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The Big Linux 2.6.35 Kernel Problem Is Fixed

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  • The Big Linux 2.6.35 Kernel Problem Is Fixed

    Phoronix: The Big Linux 2.6.35 Kernel Problem Is Fixed

    Last week we reported on a disastrous bug within the Linux 2.6.35 kernel that while this kernel is still months from being officially released, a major regression was introduced that slaughtered the Linux system's performance. This was experienced across multiple systems, architectures, and file-systems. Today we can officially report that this problem has been resolved...

    http://www.phoronix.com/vr.php?view=ODMxNQ

  • #2
    "To us at least, it still is a real problem that such a regression can be introduced in the mainline kernel and live there for a number of days without being addressed -- especially when it negatively affects the operating system's performance in so many different areas."

    Well, I strongly disagree. It's not a "problem" that such regressions can be introduced. Of course, it's a bug that must be solved, but there is nothing strange or atypical with finding such bugs in a pre-rc1 git snapshot. That's why -rcx releases exist. That's why there are three months of kernel development. To find such bugs. So there is nothing "unexpected" here, a bug was found (which, BTW, is far from being a critical bug), and it was fixed. Big deal.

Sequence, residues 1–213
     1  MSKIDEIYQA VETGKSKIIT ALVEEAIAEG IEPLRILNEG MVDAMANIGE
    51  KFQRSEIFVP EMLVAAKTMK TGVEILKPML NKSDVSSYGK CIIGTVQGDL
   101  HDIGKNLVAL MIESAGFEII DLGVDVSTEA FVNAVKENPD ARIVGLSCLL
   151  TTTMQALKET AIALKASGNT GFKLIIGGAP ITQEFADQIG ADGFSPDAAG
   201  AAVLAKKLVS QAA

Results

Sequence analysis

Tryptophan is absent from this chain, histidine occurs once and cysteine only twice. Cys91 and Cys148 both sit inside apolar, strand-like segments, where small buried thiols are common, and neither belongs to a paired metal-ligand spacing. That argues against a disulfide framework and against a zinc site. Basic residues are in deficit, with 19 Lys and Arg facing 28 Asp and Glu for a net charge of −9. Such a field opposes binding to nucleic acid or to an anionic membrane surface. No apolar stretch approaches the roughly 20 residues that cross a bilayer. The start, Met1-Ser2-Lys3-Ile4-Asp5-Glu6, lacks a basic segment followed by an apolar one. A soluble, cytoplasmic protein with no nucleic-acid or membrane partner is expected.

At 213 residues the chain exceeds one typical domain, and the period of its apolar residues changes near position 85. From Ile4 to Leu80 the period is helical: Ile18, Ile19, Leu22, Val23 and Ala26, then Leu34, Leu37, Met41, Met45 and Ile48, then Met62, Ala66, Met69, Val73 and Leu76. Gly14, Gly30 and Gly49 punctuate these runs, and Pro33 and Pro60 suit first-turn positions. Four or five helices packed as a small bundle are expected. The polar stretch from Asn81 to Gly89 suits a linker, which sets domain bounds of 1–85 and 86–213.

In fact, if you _really_ follow the kernel development (which phoronix editors don't seem to do), there are always several reverts of commits that introduce bugs that are detected in -rc releases. If you need a tree that merges bug fixes immediately then the Linus tree is not for you, because Linus may take a week off to go to some conference or because of holidays or things like that. It's also not strange that an important fix may get delayed just because people is discussing how it must be fixed. At this stage, you are expected to report bugs, test and apply the corresponding bugfix patches yourself.